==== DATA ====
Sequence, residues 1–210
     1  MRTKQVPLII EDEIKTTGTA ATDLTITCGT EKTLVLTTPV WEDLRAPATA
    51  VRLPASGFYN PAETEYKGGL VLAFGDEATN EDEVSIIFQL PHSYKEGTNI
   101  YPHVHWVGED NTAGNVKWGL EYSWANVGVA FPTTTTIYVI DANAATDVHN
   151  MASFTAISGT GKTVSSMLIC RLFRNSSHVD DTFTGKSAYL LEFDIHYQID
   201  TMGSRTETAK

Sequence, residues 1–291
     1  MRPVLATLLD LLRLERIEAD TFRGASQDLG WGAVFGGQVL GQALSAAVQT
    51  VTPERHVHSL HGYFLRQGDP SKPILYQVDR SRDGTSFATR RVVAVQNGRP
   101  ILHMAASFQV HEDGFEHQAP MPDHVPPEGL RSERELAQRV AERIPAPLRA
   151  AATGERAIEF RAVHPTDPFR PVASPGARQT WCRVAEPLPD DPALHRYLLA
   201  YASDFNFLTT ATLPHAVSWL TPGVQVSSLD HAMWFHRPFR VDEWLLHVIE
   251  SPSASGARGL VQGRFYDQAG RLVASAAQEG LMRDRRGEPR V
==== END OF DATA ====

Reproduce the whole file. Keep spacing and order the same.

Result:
Sequence, residues 1–210
     1  MRTKQVPLII EDEIKTTGTA ATDLTITCGT EKTLVLTTPV WEDLRAPATA
    51  VRLPASGFYN PAETEYKGGL VLAFGDEATN EDEVSIIFQL PHSYKEGTNI
   101  YPHVHWVGED NTAGNVKWGL EYSWANVGVA FPTTTTIYVI DANAATDVHN
   151  MASFTAISGT GKTVSSMLIC RLFRNSSHVD DTFTGKSAYL LEFDIHYQID
   201  TMGSRTETAK

Sequence, residues 1–291
     1  MRPVLATLLD LLRLERIEAD TFRGASQDLG WGAVFGGQVL GQALSAAVQT
    51  VTPERHVHSL HGYFLRQGDP SKPILYQVDR SRDGTSFATR RVVAVQNGRP
   101  ILHMAASFQV HEDGFEHQAP MPDHVPPEGL RSERELAQRV AERIPAPLRA
   151  AATGERAIEF RAVHPTDPFR PVASPGARQT WCRVAEPLPD DPALHRYLLA
   201  YASDFNFLTT ATLPHAVSWL TPGVQVSSLD HAMWFHRPFR VDEWLLHVIE
   251  SPSASGARGL VQGRFYDQAG RLVASAAQEG LMRDRRGEPR V